“Narrative medicine” of a different kind is practiced by the hospital staff in the novel discussed by Matti Hyvärinen – Paul Auster’s In the Country of Last Things. On the basis of this eschatological fiction and Primo Levi’s Survival in Auschwitz, Hyvärinen suggests a circular relationship between acting, thinking, and narrating – the freedom of meaningful action, including listening and telling, does not necessarily follow thinking but can serve as a precondition for the ability to think. The essay associates this relationship with Paul Ricoeur’s distinction between sameness and selfhood in individual identity.
The relationship between self-protective static sameness and dynamic selfhood is taken up by Amit Marcus who attempts to redress the current narratological tendency to privilege the latter. Marcus’s essay analyzes Agota Kristof’s The Notebook in order to show that sameness can take over selfhood in the constitution of narrative self-identity. This is the first in a sequence of articles on character in the present collection. It is followed by Baruch Hochman’s statement of opposition to postmodernist resistance to character. Hochman reads this resistance as a defense against nostalgia for the traditional view of character (in, for instance, Renaissance drama or nineteenth-century novel) as well as for the energy of protest and struggle within the cultures that fostered it. Indeed, Judith Levy’s paper on Nadine Gordimer’s The Conservationist shows that, along with political placing and ideological dismantling of the protagonist, the text also elicits sympathy for the protagonist’s moments of existential craving and loss, for experience that is both individual and trans-subjective.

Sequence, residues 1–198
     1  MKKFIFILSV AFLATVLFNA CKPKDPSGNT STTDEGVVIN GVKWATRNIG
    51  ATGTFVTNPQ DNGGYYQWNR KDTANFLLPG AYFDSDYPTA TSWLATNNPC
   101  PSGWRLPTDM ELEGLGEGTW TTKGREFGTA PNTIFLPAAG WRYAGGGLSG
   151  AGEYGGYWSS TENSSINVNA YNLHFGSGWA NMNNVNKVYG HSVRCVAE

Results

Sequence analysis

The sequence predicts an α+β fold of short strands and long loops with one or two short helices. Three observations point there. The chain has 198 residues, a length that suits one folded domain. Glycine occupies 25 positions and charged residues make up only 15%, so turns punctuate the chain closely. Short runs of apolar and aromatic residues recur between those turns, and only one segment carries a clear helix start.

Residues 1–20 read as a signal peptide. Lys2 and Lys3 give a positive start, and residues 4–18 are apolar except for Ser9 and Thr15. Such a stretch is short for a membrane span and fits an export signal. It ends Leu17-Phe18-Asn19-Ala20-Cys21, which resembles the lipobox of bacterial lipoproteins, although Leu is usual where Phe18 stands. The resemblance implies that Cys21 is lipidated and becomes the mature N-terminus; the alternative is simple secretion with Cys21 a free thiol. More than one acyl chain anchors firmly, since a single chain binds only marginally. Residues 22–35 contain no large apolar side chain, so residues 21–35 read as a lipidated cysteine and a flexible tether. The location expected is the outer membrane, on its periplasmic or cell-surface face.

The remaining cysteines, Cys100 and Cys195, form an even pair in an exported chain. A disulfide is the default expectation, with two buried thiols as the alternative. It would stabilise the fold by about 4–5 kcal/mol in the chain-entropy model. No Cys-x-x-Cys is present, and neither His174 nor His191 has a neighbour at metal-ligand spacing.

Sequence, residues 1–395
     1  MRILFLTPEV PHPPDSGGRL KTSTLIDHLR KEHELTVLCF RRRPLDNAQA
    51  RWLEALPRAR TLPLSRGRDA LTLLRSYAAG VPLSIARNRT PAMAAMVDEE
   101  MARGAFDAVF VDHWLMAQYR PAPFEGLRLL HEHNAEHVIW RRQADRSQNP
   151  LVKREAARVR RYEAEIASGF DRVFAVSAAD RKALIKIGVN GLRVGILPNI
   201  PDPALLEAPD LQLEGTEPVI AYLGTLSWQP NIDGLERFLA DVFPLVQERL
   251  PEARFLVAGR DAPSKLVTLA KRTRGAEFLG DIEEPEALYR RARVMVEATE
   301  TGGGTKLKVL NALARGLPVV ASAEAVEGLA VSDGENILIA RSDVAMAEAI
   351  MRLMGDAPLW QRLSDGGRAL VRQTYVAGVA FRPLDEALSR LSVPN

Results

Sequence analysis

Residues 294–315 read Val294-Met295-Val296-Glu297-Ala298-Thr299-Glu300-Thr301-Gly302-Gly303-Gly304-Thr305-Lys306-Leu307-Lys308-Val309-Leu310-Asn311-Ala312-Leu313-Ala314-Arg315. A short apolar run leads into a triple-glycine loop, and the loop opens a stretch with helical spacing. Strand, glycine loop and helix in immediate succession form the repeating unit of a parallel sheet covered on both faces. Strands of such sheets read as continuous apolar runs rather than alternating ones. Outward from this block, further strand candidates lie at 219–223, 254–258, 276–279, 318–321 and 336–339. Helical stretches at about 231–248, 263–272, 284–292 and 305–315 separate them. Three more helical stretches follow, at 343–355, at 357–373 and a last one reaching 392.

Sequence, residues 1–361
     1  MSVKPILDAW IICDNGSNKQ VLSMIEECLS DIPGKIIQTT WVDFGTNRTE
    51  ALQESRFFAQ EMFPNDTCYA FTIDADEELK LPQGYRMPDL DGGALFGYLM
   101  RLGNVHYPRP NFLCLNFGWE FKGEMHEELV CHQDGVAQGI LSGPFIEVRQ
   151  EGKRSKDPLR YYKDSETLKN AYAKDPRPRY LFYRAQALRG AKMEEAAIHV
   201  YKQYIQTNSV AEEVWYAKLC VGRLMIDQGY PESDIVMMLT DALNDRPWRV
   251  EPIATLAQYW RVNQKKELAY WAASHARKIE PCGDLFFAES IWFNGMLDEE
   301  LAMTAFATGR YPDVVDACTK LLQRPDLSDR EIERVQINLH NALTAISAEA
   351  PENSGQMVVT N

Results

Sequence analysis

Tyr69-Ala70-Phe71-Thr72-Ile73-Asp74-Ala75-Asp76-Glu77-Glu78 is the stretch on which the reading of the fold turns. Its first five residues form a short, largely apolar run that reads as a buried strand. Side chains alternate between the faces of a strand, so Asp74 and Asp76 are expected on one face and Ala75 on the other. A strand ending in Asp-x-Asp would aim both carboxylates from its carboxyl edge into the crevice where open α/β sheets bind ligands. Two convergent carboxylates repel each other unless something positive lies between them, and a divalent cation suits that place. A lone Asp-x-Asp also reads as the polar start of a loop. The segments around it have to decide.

James Phelan’s essay distinguishes between narrativity and portraiture but traces the emergence of character from narrative instabilities. By showing the ways in which the evocation of character in Alice Munro’s “Prue” doubles as an indirect comment of conflicting cultural signals among which North American women had to orient themselves in the 1980s, Phelan’s article effects a transition to a group of papers that read narrative techniques as instruments for activating the reader’s enactment – thinking rather than thinking about the idea-content of the narrative. Jon Whitman’s article shows that the interlacing of the past, present, and future in the late-medieval genre of romance differs from a similar phenomenon in the chansons de geste by being relocated into the inner life of the character, transferring the reader from the public sphere to the hero’s inner life. H. M. Daleski’s essay associates the sjuzhet (in the sense of multiple departures from the putative chronology of “the story” of the fabula) in Conrad’s Lord Jim with the reader’s experience of painstakingly discovering what has been concealed, an experience parallel to that of the characters; the essay goes on to show that in Conrad’s Nostromo, the multiple shifts in time and space make the reader re(enact), think along, the confusion of the narrative itself, in a constantly baffled search for the clarity of vision.